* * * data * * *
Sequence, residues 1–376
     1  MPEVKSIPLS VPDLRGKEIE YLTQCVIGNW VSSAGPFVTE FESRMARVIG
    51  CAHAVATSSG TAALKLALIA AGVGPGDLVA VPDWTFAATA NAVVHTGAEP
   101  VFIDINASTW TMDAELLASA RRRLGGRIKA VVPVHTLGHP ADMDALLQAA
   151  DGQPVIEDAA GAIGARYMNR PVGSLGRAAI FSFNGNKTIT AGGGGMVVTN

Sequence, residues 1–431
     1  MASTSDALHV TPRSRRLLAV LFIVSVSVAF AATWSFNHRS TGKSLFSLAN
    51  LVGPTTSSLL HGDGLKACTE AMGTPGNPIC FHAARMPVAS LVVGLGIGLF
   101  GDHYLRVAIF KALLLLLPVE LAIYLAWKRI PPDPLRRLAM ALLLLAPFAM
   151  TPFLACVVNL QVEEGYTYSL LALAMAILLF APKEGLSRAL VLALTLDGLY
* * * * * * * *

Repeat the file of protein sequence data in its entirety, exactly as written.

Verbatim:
Sequence, residues 1–376
     1  MPEVKSIPLS VPDLRGKEIE YLTQCVIGNW VSSAGPFVTE FESRMARVIG
    51  CAHAVATSSG TAALKLALIA AGVGPGDLVA VPDWTFAATA NAVVHTGAEP
   101  VFIDINASTW TMDAELLASA RRRLGGRIKA VVPVHTLGHP ADMDALLQAA
   151  DGQPVIEDAA GAIGARYMNR PVGSLGRAAI FSFNGNKTIT AGGGGMVVTN

Sequence, residues 1–431
     1  MASTSDALHV TPRSRRLLAV LFIVSVSVAF AATWSFNHRS TGKSLFSLAN
    51  LVGPTTSSLL HGDGLKACTE AMGTPGNPIC FHAARMPVAS LVVGLGIGLF
   101  GDHYLRVAIF KALLLLLPVE LAIYLAWKRI PPDPLRRLAM ALLLLAPFAM
   151  TPFLACVVNL QVEEGYTYSL LALAMAILLF APKEGLSRAL VLALTLDGLY